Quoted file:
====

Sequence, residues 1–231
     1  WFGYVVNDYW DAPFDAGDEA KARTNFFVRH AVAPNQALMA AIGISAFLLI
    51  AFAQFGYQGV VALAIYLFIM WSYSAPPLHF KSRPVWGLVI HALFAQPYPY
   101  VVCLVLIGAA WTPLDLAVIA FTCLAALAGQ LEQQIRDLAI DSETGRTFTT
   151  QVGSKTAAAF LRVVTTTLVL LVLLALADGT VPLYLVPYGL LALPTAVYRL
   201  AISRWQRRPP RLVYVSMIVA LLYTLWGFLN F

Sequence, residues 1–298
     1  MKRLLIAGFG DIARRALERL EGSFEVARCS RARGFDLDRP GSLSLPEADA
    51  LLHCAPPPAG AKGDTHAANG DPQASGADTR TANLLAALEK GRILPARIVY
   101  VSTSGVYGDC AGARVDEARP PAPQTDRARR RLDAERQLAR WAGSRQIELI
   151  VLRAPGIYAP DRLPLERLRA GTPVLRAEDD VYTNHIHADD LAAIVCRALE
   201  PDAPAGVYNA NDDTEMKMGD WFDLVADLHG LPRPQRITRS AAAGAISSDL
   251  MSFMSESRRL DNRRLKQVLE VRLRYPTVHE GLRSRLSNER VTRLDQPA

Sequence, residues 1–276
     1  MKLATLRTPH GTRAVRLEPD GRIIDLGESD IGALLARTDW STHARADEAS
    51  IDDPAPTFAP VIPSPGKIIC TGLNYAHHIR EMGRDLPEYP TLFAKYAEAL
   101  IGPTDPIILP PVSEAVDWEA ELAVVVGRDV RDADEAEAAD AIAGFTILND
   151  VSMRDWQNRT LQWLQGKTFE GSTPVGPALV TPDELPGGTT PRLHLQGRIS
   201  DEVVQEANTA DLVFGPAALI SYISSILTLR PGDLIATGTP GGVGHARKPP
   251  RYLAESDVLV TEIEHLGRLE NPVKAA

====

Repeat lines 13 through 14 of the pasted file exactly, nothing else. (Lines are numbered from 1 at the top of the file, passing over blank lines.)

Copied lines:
   251  MSFMSESRRL DNRRLKQVLE VRLRYPTVHE GLRSRLSNER VTRLDQPA

Sequence, residues 1–276